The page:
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In Hiring Web Workers: Is Personality as Important as Skills?, Jessica noted that personality often plays an even bigger role in virtual work success than hard skills. Do you have what it takes to be a virtual worker?
Here are some questions you should consider before jumping out of your cubicle and into a remote work situation.
- When it comes to being flexible, I’m…
- a. Much more comfortable with structure.
- b. Incredibly adaptable.
- a. Tend to procrastinate but work really well under pressure.
- b. Am very good at prioritizing so I’m never working down to the wire.
- a. Interacting with my colleagues.
- b. The sense of accomplishment I feel when I get things done.
- a. Gathering in a room with my co-workers and carrying out face-to-face brainstorming sessions.
- b. Taking disparate pieces of information and assets and piecing them together to make a logical whole.
- a. I can’t get hold of someone to get answers when I need information to complete a project.
- b. I’m forced to be in one place for too long.
- a. I have a set schedule that I can rely on.
- b. My work is varied and dynamic.
- a. A traditional workspace with a desk, filing cabinets, and all the equipment I need at my fingertips.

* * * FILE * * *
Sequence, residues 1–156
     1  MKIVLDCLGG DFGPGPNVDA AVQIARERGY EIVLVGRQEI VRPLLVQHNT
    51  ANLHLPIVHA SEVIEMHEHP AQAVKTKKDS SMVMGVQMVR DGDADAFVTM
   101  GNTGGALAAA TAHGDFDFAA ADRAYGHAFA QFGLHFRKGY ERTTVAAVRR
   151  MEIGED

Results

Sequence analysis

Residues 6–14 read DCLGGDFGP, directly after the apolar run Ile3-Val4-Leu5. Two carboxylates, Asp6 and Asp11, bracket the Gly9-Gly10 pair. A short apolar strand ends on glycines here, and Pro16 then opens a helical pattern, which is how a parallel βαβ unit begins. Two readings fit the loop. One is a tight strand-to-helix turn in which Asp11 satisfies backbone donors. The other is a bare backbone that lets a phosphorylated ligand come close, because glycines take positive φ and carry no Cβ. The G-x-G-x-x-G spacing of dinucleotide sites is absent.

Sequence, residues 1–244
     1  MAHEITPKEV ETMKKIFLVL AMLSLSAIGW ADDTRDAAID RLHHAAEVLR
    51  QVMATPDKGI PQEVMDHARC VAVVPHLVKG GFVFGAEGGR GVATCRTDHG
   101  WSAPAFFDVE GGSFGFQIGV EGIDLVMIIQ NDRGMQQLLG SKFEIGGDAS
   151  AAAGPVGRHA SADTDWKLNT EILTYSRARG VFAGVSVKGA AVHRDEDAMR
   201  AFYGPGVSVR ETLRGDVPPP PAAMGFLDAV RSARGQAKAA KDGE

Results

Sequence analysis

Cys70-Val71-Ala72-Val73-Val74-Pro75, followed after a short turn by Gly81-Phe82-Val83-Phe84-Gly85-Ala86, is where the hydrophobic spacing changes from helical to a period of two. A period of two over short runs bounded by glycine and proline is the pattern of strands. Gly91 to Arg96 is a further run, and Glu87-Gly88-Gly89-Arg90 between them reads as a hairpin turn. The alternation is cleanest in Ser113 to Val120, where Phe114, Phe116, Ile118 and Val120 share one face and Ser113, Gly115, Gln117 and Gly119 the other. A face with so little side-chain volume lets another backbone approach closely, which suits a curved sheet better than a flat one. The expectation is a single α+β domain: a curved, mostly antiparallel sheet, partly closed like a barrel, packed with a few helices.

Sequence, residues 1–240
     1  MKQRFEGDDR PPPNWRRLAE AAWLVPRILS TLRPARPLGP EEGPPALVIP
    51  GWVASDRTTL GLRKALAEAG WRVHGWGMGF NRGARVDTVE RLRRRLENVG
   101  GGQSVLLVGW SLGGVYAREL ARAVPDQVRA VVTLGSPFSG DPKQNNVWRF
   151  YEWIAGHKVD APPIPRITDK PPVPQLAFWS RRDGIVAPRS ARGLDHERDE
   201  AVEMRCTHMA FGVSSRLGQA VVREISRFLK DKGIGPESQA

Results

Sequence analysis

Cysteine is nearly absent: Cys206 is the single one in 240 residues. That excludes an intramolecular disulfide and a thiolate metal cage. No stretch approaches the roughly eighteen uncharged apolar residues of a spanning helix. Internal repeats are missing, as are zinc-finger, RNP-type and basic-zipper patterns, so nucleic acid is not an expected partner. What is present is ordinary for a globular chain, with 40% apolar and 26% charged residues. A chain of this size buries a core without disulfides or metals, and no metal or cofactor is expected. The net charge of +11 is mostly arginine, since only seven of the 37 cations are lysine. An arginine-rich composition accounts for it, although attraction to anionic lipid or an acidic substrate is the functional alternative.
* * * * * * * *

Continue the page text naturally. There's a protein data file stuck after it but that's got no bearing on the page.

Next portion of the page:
- b. Mobile, portable and lightweight.
- a. A necessary evil, but I’m dismayed that it is replacing in-person or phone conversations.
- b. Essential, but I’m also open to exploring other ways of communicating online.
- a. Average. I see how it can be helpful, but I have my favorite tools and am cautious about upgrading.
- b. Avid. I am always interested in trying out a better tech tool and can pick up new software pretty quickly.
- a. Clearly structured. I need to know who I report to and what my assignment is at all times to remain focused and productive.
- b. Dynamic. I can adapt to a more structured organization but am also at home in a more loosely structured one.
- a. Be easily distracted.
- b. Carve out a suitable workspace, or find a better location outside of my home.
- a. Few to nil. And I couldn’t really be productive working out of my local coffee shop.
- b. Varied, including some coworking spaces.
How do you think you fared? If you chose mostly “b” as your answers, you probably have the right temperament to transition to remote work. If you answered mostly “a,” you may be better off sticking to a more structured, traditional work environment to be successful in your job.
Not everyone is cut out to work remotely. If you’re not sure that remote work is for you, you could give it a try for discrete projects and see how comfortable you are with being apart from your team and working on your own over time. In an ever-changing work landscape, pushing yourself out of your comfort zone may be the best thing you ever do for your career.